03.01.15 Worship Confessional

Story Logo - Version 2The story of Hagar is the story of the terrible jealousy of Sarah and the singular ineffectuality of Abraham and the way Hagar, who knew how to roll with the punches, managed to survive them both. Above and beyond that, however, it is the story of how in the midst of the whole unseemly affair the Lord, half tipsy with compassion, went around making marvelous promises and loving everybody and creating great nations like the last of the big-time spenders handing out hundred-dollar bills. (Frederick Buechner)

This morning as we continued our series, “Story” we explored the Abram, Sarai, and Hagar narrative found in Genesis 16 and 21. I wrapped my message around the theme, “The God Who Sees and Hears.” Did you know that Hagar is the only women in Scripture to name God (“You are the God Who Sees Me”) and the only women to receive the promise that God would increase her descendents through her son (Ishmael).

In light of our “The God Who Sees and Hears” theme, we spent some time with the practice of examen. Pulling together some resources from Scripture, The Verses Project and Re-Worship, we crafted this liturgy:

Leader: Lent is a season of preparing our hearts and minds to experience more fully the life, death and resurrection of Jesus. Following the practice of Jesus’ time in the desert where he fasted for 40 days, many people choose to give up something for Lent.

The Lenten season is also a time of reflection and renewal. Lent is an opportunity to take everything that works against God and let it go. Let our sins die as Christ died for our sins, so that we too can come back on Easter renewed.

This morning we are going to take some time to do this as a community.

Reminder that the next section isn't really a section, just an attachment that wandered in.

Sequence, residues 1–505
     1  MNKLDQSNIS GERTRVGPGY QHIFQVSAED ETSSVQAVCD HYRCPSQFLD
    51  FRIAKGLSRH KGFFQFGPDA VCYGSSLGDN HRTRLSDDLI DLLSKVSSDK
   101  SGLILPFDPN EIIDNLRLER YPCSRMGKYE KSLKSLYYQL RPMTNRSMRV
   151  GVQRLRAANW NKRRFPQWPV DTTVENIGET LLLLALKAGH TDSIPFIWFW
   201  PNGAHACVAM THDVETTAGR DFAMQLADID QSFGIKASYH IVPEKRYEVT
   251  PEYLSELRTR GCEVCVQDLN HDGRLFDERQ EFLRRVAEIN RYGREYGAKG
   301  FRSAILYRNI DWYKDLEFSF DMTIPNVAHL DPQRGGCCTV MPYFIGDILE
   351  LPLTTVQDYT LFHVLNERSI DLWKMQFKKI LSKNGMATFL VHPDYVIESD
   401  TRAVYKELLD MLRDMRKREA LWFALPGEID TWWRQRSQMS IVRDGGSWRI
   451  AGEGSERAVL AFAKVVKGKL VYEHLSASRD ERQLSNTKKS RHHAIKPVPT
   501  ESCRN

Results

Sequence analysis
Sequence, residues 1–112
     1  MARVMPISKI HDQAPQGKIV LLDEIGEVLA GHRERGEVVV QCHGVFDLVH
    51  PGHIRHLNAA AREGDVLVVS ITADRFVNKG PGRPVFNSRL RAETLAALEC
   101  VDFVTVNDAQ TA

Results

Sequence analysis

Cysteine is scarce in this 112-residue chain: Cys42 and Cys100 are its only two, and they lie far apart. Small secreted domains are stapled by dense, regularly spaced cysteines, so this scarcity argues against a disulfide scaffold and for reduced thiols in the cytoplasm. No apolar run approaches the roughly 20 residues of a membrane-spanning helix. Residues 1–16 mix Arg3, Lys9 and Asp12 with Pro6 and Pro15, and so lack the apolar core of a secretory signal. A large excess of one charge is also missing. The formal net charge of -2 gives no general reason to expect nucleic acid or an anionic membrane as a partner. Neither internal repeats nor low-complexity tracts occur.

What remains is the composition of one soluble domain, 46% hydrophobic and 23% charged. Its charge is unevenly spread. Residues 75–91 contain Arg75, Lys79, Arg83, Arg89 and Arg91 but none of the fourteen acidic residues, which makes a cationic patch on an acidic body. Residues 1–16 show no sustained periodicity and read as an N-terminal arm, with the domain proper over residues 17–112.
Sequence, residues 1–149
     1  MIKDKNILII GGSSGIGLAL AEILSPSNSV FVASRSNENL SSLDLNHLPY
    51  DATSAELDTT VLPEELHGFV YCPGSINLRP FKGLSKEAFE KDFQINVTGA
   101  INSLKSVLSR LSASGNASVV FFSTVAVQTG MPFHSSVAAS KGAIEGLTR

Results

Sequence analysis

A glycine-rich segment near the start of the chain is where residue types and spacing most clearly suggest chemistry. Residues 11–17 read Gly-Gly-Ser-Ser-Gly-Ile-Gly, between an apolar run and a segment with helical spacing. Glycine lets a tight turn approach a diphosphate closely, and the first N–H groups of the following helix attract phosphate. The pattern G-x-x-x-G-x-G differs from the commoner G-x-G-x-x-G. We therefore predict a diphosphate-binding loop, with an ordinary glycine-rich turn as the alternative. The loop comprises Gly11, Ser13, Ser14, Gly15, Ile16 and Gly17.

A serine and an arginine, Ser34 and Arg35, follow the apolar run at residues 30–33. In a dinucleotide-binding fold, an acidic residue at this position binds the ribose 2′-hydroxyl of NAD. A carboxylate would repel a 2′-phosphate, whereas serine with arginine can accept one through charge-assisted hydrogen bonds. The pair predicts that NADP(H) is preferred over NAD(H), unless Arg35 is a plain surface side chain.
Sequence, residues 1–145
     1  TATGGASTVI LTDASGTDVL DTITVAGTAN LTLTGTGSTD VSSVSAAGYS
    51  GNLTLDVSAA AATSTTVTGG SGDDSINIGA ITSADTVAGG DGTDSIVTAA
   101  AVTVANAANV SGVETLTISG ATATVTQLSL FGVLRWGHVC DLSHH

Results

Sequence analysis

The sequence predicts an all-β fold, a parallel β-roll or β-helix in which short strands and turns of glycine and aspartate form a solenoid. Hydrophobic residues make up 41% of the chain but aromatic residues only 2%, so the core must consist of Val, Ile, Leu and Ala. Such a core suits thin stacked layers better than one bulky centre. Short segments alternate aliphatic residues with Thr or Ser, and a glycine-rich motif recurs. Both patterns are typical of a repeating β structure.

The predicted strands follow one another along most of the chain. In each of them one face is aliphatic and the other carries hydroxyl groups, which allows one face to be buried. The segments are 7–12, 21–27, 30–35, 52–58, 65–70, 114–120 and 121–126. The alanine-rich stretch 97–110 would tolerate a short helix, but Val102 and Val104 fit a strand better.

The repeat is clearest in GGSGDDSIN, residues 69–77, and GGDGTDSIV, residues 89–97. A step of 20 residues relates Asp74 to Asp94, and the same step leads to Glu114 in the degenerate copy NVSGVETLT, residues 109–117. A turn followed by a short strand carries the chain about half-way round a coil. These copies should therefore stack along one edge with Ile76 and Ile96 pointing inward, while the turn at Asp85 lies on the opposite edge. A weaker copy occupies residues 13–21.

Join me in reading these words from Psalm 139:

You have searched me, LORD, and you know me. You know when I sit and when I rise; you discern my thoughts from afar. You discern my going out and my lying down; you are acquainted with all my ways. (Psalm 139:1-3)

Leader: 1 John 3:20 states, “God knows everything.” Not only does God know all things generally, God also knows all people personally. Often we can keep truths at a distance through broad generalizations, but never consider how these great truths affect us practically. It’s one thing to say, “God loves the world” but another to declare, “God loves me.” Have you ever wondered if God sees and knows you individually? Does God care about you? Psalm 139 proclaims this truth, “Yes! God knows me.” Not only does the God of the Bible know in general, but God knows you personally. God’s knowledge is not only absolute; it is also personal and intimate. God’s knowledge searches out our path and is acquainted not simply with some of our ways, but with all our ways.

How do you respond to this truth?

One response might be fear, anxiety or even terror. We like our secrecy, and God’s omniscience crashes our dark secretive parties. There is not only a God who knows, but also a perfect Judge who not only can judge us based on our external actions, but one who judges us based on our internal thoughts. If you are at odds with this Judge, this God, then this truth can be terrifying.

Another response to this truth can be one of comfort. Have you ever wondered if anyone knows? Does anyone even care? God does. God’s omniscience is accompanied by great compassion and mercy. We see this compassion primarily in God’s Son Jesus, who came to earth to rescue and redeem a people for Himself. It was precisely because God was acquainted with all our ways and knew how bad off we really were that Jesus left heaven, took on flesh, and died in our place.

Praise the all-knowing God who knew you at your worst and sent God’s Son to lay down His life for you!

Song – Psalm 139

Unison Prayer:

God, you know us better than we know ourselves. You know our thoughts,
our weaknesses, our motivations, our sins. And you love us still.

Forgive us when we don’t believe such love is true or possible; when we wonder how You could love us just as we are, when we forget our intricate construction, the fact that we fearfully, wonderfully made, in Your image!

Remove from our minds every thought that keeps us from you. Break down the walls, push aside the pride, and help us to trust anew. You know our hearts. And you love us still. Amen.

Words of Assurance and Pardon (read together)

The steadfast love of the Lord never ceases;
his mercies never come to an end;
23 they are new every morning;
great is your faithfulness. (Lamentation 3:22-23)

Song – Great Are You Lord

Here is our complete worship flow:

  • Your Grace Is Enough (Matt Maher)
  • Whom Shall I Fear (Chris Tomlin)
  • A Time of Examen
  • Psalm 139 (Robbie Seay)
  • Great Are You, Lord (All Sons and Daughters)
  • Announcements and Offering
  • Message (The God Who Sees and Hears)